And now tonight is the night. What does it all mean to you?
“A year of hard work,” David says, breathing out a small sigh of relief.
“A lot of ups and downs into it, that’s for sure,” Dawson smiles.
“A year ago we were playing Lost Lake across the street and we told Dawson that this is where we’d do our EP release,” David adds, recalling that moment of foreshadowing at the time. “That was his first gig with us. We didn’t have it booked at all, we didn’t even know the EP would be called Trial and Error, we didn’t have a single song written.”
Will this be the first time your fans will hear the new stuff?
“In Denver, yea,” Linden says. “We actually haven’t had a Denver headliner in while. So this will be the first time a lot of people will hear it and this is a fucking great place to do it. It sounds pretty bitchin’ here.”
What’s been the reaction to the new song?
“The new song has been doing really well,” Jonah confidently says while comfortably sitting back on a small couch. “We put it on Spotify and it’s getting close to 100,000 and it’s only been out for two months.”
“Which for a band our size,” Linden speaks up, “you know a local and small Denver band, we’re pretty happy about that.”
The entire project was recorded in a just a weeks time with Chris Beeble and partner Randall Kent at The Blasting Room in Fort Collins, the same studio where the band recorded “Kinda Love” off of the Selective Memory record released in 2015, and a place known for producing records for notable bands such as Rise Against.
“It’s just a really really good vibe up there,” Linden says. “I think it helped subconsciously to channel the vibe for this EP because some of the best punk albums have been made up there. Its just got such a good fuckin’ vibe especially with records all over the walls of super huge punk bands.”
“There’s something about walking into the first hallway and seeing all of the Rise Against records up on the wall,” David quickly agrees. “It just brings it out in you.”
Trial and Error is a four track masterpiece comprising the band’s best work to date. It includes the poppy yet no bullshit title song attacking today’s political climate, a true coming of age song about growing up called “What Do I Know,” the songs “Out of Time” and “Staying In”, and the brutally honest, inspirational, and quite possibly the EP’s best track, “Best Worst Thing;” a song about doing what makes you happy regardless of what others think.
How did you guys approach the making of this one… meaning did you all come in on day one with the same direction for where the project was going to go or did it morph into what it is as work was put in?
“On the writing end I had a very particular vision because as I said, one of the things we struggled with was having a real identity as a band and this was an opportunity to actually put something out that was cohesive and made sense.”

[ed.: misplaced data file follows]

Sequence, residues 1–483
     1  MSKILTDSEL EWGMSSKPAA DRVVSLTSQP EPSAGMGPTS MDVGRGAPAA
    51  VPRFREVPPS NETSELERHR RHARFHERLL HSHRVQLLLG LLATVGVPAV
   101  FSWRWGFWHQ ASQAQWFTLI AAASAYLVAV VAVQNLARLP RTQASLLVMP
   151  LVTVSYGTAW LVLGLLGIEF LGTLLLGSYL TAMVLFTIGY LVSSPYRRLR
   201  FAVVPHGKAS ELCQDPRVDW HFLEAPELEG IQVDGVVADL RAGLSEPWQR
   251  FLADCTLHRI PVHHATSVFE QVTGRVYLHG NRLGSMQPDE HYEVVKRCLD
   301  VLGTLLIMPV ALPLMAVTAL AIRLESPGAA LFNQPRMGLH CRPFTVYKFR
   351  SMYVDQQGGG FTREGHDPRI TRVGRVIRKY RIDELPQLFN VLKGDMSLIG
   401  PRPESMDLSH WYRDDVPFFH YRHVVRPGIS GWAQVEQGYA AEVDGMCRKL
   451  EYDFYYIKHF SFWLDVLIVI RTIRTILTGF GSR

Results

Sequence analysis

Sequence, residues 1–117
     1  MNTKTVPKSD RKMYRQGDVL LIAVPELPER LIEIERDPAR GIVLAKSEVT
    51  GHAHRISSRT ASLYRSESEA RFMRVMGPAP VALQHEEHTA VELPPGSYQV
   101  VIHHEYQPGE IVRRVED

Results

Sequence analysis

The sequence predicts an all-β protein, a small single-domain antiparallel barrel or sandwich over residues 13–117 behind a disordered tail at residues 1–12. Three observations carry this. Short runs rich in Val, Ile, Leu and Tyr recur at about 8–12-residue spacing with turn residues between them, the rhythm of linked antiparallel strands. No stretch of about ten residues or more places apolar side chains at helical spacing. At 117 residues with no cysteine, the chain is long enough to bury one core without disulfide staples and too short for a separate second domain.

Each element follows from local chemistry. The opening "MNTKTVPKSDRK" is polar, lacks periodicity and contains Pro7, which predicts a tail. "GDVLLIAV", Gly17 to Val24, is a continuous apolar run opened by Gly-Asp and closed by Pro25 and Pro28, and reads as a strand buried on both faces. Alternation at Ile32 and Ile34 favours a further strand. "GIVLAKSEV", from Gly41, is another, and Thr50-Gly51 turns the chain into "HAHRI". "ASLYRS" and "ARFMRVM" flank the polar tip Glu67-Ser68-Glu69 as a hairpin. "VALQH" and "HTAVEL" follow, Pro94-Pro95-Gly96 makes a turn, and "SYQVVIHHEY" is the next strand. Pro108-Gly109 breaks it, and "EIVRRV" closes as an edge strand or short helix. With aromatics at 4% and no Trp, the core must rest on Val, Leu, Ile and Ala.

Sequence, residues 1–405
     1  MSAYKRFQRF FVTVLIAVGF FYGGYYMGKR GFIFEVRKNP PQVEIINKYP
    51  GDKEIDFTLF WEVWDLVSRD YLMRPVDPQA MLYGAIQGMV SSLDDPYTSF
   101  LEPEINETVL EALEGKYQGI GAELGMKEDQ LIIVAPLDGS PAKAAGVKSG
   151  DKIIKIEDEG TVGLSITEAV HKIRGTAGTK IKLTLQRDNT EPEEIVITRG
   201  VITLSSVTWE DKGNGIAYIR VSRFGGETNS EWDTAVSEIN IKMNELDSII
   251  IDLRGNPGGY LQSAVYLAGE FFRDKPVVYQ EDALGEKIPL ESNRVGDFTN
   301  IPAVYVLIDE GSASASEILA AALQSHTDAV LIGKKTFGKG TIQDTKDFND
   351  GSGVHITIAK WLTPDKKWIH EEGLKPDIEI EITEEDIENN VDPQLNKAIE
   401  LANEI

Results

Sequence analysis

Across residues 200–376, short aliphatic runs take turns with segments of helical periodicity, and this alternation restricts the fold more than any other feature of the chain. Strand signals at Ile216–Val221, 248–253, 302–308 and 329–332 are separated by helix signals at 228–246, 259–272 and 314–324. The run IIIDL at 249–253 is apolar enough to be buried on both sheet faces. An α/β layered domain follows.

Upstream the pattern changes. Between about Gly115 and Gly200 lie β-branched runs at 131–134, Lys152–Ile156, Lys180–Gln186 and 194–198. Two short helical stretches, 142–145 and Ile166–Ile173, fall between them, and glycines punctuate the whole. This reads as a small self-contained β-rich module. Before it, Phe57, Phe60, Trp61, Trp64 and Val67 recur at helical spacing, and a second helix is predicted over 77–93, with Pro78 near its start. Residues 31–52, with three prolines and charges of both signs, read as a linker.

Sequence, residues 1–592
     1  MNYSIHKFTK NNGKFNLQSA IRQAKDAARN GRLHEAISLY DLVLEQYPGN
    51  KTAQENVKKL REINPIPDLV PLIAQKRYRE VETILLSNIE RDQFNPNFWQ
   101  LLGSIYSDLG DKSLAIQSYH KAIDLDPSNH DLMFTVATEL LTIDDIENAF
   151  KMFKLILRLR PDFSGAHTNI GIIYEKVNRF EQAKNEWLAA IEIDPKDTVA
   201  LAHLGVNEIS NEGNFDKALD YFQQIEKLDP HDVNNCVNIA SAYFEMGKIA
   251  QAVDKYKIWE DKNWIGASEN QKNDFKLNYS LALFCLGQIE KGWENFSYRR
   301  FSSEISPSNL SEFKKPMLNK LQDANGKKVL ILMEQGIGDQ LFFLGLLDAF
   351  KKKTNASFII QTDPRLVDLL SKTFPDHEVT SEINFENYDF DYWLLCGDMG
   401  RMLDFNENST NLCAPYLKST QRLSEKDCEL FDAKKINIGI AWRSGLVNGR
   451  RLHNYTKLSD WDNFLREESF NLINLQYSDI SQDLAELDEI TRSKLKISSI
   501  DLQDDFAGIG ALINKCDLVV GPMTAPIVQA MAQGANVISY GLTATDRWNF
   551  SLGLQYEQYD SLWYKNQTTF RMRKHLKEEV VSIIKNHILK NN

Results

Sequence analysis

“The other cool thing about it was that Linden wrote the songs at random times at different periods,“ Bartels explains, “so there really wasn’t a concept from the beginning but the whole EP is about the same thing, at least to me, it’s about being pissed off about the current state of everything around you, not really feeling like you know where you belong or where you’re going, and all the pressure that everyone puts on you. We spent a lot of time before we actually went to record this talking about what exactly we all wanted it to sound like.”
“Yea, that’s really important to us. Some people can just go into a studio and fuck around and write stuff and I think it would be cool, but we just can’t afford it,” Linden says getting a laugh from everyone. “We just had to have everything as down as possible before we went in there.”
“Full steam ahead once we were in there,” Dawson nods.
Was there a lot of production on this or did you keep it as raw as possible?
“It’s pretty raw. We kept it as straight as we could. Just our four instruments and it’s the tone he uses on stage so it’s nothing different,” Jonah says, pointing to Linden. “We have a couple of things layered on top like some keyboard stuff and a few extra sound effects. That’s really it.”
“That was another really important thing for us,” Linden says, “because a huge part of who we are is our live show and nothing pisses me off more than when a band can’t replicate their album in a live setting. So a huge thing for us is being able to, for more or less, pretty much completely translate what’s on the EP to the live show.”
Tell me a little bit more about the new title track “Trial and Error” and its inspiration.
“November,” Dawson jokes.
“I didn’t want to write a song about fucking Trump,” Linden says after the laughing subsides a bit, “because that’s just stupid and didn’t want to write it directly at the dude. I was just pissed about how many people were totally cool with it and did absolutely fucking nothing. That’s what made me the most angry. It’s like the name, Trial and Error, we’ve seen shit like this happen before and we know what’s gonna happen but you don’t do anything about it. It’s obviously an angry song. I like writing angry songs. But that’s where the initial thought came from. It was just directed at everyone that helped make it happen as opposed to not just him.”